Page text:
The last half of last week, I attended the annual meeting of the National Writing Project for the 8th or 9th time in a row.  In one of our Saturday Rural Sites Leadership Team’s working sessions, we were asked to write a brief  reflection on our involvement in the national organization and its impact on our careers.  I dashed out the following.

My career has tracked right alongside my involvement in NWP, which began with the SI in 1991 as an eighth grade English teacher, only three years into the craft, going after an M.A. in English as a ticket to get ahead in my second career (post-oilfield economy bust which drove me to teaching at an advanced age: 35? Seemed advanced at the time!). My early years of involvment in WP was confined to my local AWP Site, where I gained experience and earned spare change giving presentations on the in-service circuit. My first exposure at the national level came when I accepted my Site’s Tech Liaison role. I recall attending that first meeting in Baltimore, and I haven’t missed a meeting since.

The M.A. in English did provide a ladder to move up in paths that never would have emerged without the degree, but equally important in every job change, promotion, or rise to administration that’s come in the years since was the bulleted list of activities and achievements on my resume under the heading “Involvement with National Writing Project.”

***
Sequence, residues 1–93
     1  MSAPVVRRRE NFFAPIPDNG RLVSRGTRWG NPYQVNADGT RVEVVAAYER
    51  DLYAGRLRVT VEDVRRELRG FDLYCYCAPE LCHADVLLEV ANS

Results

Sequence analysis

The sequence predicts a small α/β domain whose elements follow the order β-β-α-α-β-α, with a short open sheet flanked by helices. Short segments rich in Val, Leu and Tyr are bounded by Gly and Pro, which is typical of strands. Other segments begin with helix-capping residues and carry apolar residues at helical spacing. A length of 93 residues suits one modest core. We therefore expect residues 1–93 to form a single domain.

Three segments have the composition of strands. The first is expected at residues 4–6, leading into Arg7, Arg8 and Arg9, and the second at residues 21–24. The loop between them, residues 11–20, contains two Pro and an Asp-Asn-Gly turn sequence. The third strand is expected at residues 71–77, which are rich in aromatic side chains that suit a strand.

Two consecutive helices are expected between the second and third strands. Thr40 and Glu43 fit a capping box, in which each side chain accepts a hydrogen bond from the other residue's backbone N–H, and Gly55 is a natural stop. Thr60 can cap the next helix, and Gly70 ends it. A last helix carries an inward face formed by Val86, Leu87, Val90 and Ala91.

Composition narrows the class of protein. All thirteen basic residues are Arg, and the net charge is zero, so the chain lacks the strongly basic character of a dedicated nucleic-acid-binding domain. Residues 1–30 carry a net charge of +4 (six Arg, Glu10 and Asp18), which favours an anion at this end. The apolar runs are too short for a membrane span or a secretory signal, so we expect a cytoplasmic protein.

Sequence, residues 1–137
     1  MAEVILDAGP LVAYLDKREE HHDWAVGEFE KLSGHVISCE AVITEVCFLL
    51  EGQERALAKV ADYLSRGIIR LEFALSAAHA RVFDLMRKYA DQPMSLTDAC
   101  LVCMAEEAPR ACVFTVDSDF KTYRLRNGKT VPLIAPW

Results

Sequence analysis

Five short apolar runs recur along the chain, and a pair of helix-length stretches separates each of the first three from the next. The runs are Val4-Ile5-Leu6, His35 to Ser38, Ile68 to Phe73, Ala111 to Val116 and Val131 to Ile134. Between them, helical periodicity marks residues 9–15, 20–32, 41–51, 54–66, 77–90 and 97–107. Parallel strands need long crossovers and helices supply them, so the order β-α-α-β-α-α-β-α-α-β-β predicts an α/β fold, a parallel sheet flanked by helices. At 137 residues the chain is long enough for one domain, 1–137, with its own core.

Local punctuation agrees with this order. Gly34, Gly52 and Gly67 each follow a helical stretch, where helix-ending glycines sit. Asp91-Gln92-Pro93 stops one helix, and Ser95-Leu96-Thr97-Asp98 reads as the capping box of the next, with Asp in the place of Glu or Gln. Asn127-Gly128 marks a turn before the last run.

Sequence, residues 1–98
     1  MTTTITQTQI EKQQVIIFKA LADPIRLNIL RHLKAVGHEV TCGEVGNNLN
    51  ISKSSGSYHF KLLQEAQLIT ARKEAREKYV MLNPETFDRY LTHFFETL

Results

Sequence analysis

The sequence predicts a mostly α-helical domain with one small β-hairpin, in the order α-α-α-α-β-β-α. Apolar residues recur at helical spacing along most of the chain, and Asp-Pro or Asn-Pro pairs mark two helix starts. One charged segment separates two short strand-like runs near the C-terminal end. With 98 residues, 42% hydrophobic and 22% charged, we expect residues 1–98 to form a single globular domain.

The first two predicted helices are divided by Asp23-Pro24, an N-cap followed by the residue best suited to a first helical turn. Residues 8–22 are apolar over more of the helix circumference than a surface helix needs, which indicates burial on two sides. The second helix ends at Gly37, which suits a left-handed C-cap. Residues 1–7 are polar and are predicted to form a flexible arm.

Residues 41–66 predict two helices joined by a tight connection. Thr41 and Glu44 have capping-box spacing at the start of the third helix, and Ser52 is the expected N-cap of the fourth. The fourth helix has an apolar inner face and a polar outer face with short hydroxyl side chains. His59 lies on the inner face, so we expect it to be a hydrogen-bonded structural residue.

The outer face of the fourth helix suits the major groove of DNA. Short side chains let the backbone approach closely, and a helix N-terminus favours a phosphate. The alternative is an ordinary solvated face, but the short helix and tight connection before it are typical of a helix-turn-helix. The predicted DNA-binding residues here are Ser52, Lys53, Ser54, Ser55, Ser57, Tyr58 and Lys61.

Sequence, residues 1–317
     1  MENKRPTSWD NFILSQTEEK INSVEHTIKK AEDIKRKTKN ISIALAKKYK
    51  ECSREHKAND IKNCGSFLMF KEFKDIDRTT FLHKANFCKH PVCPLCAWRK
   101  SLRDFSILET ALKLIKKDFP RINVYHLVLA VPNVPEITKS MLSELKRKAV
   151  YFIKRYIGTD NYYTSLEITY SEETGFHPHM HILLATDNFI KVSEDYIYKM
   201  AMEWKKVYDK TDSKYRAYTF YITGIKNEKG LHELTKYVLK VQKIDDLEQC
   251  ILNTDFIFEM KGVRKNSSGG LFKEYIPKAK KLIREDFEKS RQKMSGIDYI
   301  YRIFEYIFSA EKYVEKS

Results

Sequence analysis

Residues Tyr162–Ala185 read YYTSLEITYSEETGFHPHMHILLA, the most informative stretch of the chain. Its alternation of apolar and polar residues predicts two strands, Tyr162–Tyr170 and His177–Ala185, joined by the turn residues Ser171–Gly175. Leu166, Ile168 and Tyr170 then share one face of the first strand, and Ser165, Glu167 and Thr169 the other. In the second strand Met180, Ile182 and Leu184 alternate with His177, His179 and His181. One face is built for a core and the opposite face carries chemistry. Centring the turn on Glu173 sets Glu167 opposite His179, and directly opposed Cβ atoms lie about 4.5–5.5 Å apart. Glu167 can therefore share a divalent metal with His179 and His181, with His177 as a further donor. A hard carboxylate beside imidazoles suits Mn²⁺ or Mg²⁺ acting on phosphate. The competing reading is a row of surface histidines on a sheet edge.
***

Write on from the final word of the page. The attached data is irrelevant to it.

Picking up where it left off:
Writing Project was influential and enabling for my first professional publication, for my training and experience in teaching with technology and teaching online, and for professional association and recognition at the national level with the Rural Sites Network.

And now I know bright, talented, creative people from Coast to Coast who share the same love and passion that I have for students, for teaching, and learning. Yes, much of who I am owes much to who I have hung out with in NWP over the years–I am deeply indebted, grateful, and above all, blessed.